Skip to main content
Open this photo in gallery:

Ukrainian President Volodymyr Zelensky speaks in Kyiv, Ukraine, on Aug. 23.VIACHESLAV RATYNSKYI/Reuters

With Ukraine set to mark its independence from Soviet rule in 1991 and six months since Russian forces invaded, President Volodymyr Zelensky warned of the risk of “brutal strikes” by Russia and said any attack would provoke a powerful response.

Mr. Zelensky, who has led his country’s resistance since Russian troops poured over the border on Feb. 24, also said Ukraine would restore its rule over the Crimea region – annexed by Russia in 2014 in a precursor to this year’s invasion.

Mr. Zelensky had warned at the weekend that Moscow might try “something particularly ugly” in the run-up to Wednesday’s Independence Day.

“They will receive a response, a powerful response,” he told a news conference on Tuesday. “I want to say that each day … this response will grow, it will get stronger and stronger.”

In an evening video address hours later, he said: “Tomorrow is an important day for all of us – it is also, unfortunately, important for our enemy. We must be aware that disgusting Russian provocations and brutal strikes are possible tomorrow.”

Allied Western officials were also concerned that Russia was preparing to attack the capital Kyiv once again.

The United States said it believed Russia would target civilian and government infrastructure in the next few days. U.S. citizens should leave Ukraine “now” by their own means if it was safe to do so, the U.S. embassy said.

On the battlefields, Russian forces carried out artillery and rocket strikes in the Zaporizhzhia region in southeastern Ukraine, where fighting has taken place near Europe’s largest nuclear power plant, Ukraine’s military said.

Russia and Ukraine have blamed each other for strikes on the plant, which was captured by Russian forces in March.

The UN nuclear watchdog will visit the plant within days if talks to gain access succeed, it said on Tuesday. It said Ukraine had informed the agency that shelling had damaged plant infrastructure including laboratory and chemical facilities.

Fears lurk behind calm in Kyiv

Kyiv has only rarely been hit by Russian missiles since Ukraine repelled a ground offensive to seize the capital in March.

The mood was calm on Tuesday, with many people still walking Kyiv’s streets, but signs of increased threat could be felt.

Some feared fierce Russian retaliation for a spate of explosions in Crimea that Kyiv has not claimed responsibility for, while coyly hinting its forces had played a part.

Russian air defences shot down an unspecified number of Ukrainian drones near the Crimean city of Sevastopol on Tuesday night, Sevastopol governor Mikhail Razvozhayev said in a statement. Reuters could not confirm the battlefield reports.

Authorities told Ukrainians to work from home where possible from Tuesday to Thursday, also urging people to take air raid warnings seriously and seek shelter when sirens sound.

The Kyiv city administration banned large public gatherings until Thursday, fearing that a crowd of celebrating residents could become a target for a Russian missile strike.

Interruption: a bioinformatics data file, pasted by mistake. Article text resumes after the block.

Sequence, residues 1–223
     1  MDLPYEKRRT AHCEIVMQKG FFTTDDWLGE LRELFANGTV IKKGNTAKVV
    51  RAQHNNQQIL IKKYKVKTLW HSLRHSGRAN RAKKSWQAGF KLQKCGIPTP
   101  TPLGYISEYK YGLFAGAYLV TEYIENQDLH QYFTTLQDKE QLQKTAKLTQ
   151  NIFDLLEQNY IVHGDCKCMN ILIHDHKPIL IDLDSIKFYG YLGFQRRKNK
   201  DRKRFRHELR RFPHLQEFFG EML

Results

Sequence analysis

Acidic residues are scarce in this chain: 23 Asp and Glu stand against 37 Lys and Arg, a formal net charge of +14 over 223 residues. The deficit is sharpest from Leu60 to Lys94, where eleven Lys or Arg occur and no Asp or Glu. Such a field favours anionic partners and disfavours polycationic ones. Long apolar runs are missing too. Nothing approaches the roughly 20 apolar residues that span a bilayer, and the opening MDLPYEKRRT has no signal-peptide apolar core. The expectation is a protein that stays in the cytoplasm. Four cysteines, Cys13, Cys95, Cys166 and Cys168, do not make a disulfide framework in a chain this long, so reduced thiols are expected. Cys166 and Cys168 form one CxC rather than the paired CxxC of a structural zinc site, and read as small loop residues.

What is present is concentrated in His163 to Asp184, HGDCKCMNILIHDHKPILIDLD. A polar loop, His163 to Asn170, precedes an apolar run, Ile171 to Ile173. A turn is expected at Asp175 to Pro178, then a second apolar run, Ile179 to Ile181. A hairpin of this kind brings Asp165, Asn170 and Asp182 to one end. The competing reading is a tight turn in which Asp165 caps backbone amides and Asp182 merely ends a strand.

Jitters about sudden Russian attacks rose further after the killing of Darya Dugina, daughter of a prominent Russian ultranationalist, in a car bombing near Moscow on Saturday. Moscow blamed the killing on Ukrainian agents, a charge Kyiv denies.

Crimea forum

Meanwhile, leaders of dozens of countries and international organizations were taking part in a so-called Crimea Platform – most of them by video – in solidarity with Ukraine on the six-month anniversary of the invasion.

“To overcome terror, it is necessary to gain victory in the fight against Russian aggression,” Mr. Zelensky, dressed in his customary military gear, told delegates.

He told reporters separately: “We will take back Crimea – it is our territory. We will do this in any way which we decide. We will decide this by ourselves, without consultation with any other country in the world.”

Mr. Zelensky also said Ukraine would not agree to any proposal to freeze current front lines in order to “calm” Moscow, which now controls about 22 per cent of Ukraine including Crimea.

He urged the world not to show fatigue with the war, saying this would pose a threat to everyone.

A U.S. official said Washington would announce a new US$3-billion weapons package for Ukraine to coincide with its independence day in what would be the single largest tranche to Kyiv since Russia invaded.

Germany also plans to deliver further arms, including air-defence systems, rocket launchers and precision munitions, to Ukraine worth more than €500-million ($646-million) in 2023, a source told Reuters on Wednesday.

Kyiv has for months been pressing Western supporters to provide it more sophisticated weaponry to counter Russia’s huge edge in heavy firepower.

Russia sent its troops over the border in what it calls a “special military operation” saying it wanted to demilitarize its neighbour and protect Russian-speaking communities. Ukraine and its Western allies accuse Moscow of waging an unjustified, imperial-style war of aggression.

Six months on from the Russian invasion, which has caused thousands of deaths, forced more than a third of Ukraine’s 41 million people from their homes and destroyed whole cities, the conflict is largely locked in a stalemate.

In addition to Crimea, Russian forces control a large swathe of the south, including along the Black Sea and Sea of Azov coasts, and chunks of the eastern Donbas region. Peace prospects look almost non-existent.

Our Morning Update and Evening Update newsletters are written by Globe editors, giving you a concise summary of the day’s most important headlines. Sign up today.

Follow related authors and topics

Authors and topics you follow will be added to your personal news feed in Following.

Interact with The Globe